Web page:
Skip to main content

Collider Phenomenology and Event Generators

Periodic Reporting for period 3 - MorePheno (Collider Phenomenology and Event Generators)

Reporting period: 2018-11-01 to 2020-04-30

Collider physics is about exploring the smallest constituents of matter, and unravelling the basic laws of the Universe. Unfortunately there can be a huge gap between a one-line formula of a fundamental theory and the experimental reality it implies. Phenomenology is intended to fill that gap, e.g. to explore the consequences of a theory such that it can be directly compared with data.

Nowhere is the gap more striking than for QCD, the theory of strong interactions, which dominates in most high-energy collisions, like at the LHC (Large Hadron Collider) at CERN. And yet, when such collisions produce hundreds of outgoing particles, calculational complexity is insurmountable. Instead ingenious but approximate QCD-inspired models have to be invented.

Such models are especially powerful if they can be cast in the form of computer code, and combined to provide a complete description of the collision process. An event generator is such a code, where random numbers are used to emulate the quantum mechanical uncertainty that leads to no two collision events being quite identical.

The Principal Investigator is the main author of PYTHIA, the most widely used event generator of the last 30 years and vital for physics studies at the LHC. It is in a state of continuous extension: new concepts are invented, new models developed, new code written, to provide an increasingly accurate understanding of collider physics. But precise LHC data has put a demand on far more precise descriptions, and have also shown that some models need to be rethought from the ground up.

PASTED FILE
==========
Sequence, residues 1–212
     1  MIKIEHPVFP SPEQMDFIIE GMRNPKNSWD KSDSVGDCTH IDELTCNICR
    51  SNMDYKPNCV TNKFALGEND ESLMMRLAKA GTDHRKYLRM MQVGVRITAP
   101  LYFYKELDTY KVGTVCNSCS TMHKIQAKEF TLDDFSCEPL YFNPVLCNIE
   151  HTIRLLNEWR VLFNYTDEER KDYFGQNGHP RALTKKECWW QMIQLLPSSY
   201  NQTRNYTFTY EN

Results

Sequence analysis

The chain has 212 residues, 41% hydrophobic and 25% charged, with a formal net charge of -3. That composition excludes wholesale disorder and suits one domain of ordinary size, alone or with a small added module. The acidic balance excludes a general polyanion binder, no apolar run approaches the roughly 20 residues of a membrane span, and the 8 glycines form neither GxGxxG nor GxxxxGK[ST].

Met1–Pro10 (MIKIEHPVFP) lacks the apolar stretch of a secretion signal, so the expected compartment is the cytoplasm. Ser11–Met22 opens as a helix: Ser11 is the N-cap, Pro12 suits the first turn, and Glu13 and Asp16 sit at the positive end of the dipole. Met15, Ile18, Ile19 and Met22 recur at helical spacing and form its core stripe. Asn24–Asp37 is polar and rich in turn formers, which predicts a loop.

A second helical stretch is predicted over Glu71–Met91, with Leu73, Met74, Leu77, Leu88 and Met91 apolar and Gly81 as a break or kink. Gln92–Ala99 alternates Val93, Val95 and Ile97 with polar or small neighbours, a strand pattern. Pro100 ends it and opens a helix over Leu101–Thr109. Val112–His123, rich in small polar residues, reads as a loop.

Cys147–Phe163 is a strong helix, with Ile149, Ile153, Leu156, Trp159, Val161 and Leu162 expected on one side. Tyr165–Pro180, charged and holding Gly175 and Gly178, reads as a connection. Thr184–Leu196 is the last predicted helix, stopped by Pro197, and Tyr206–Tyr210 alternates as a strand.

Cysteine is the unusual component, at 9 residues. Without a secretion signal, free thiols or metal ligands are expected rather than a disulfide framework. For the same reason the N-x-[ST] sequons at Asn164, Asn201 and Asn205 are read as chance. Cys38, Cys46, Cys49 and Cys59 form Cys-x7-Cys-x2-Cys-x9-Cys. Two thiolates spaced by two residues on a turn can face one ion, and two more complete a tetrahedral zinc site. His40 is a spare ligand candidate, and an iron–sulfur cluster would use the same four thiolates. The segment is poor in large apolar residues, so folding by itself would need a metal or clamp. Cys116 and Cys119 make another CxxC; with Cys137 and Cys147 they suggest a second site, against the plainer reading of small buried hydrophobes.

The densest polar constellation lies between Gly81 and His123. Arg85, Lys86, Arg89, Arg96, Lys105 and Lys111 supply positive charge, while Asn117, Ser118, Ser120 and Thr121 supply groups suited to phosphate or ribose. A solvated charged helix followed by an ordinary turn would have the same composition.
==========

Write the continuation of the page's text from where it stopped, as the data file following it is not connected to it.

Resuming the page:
This project, at its core, is about conducting more frontline research with direct implications for event generators, embedded in a broader phenomenology context. In addition to the PI, the members of the theoretical high energy physics group in Lund and of the PYTHIA collaboration will participate in this project, as well as graduate students and postdocs.
"The key component of the project is the continued development of the PYTHIA event generator. Here information exchange with other similar projects is essential for the development of the field as a whole, in a combination of a collaborative and a competitive spirit. Interaction with the experimental community, especially the one at the LHC at CERN, is also crucial to make advances relevant for a greater community, and to test new ideas that may or may not work out. In this context we have studied a number of areas, such as diffraction (soft and hard), different fragmentation models, gamma-gamma collisions and photoproduction, parton showers, and more. On the technical side, the program has been transitioned from the C++98 standard to the C++11 one, with the release of PYTHIA 8.3. This has also allowed a cleaner administrative structure. On the physics side, the 8.3 version integrates the previously free-standing VINCIA and DIRE parton showers, thereby allowing a richer view on the transition from perturbative to nonperturbative physics. Currently a major new article is being written, to explain all the physics encompassed by PYTHIA.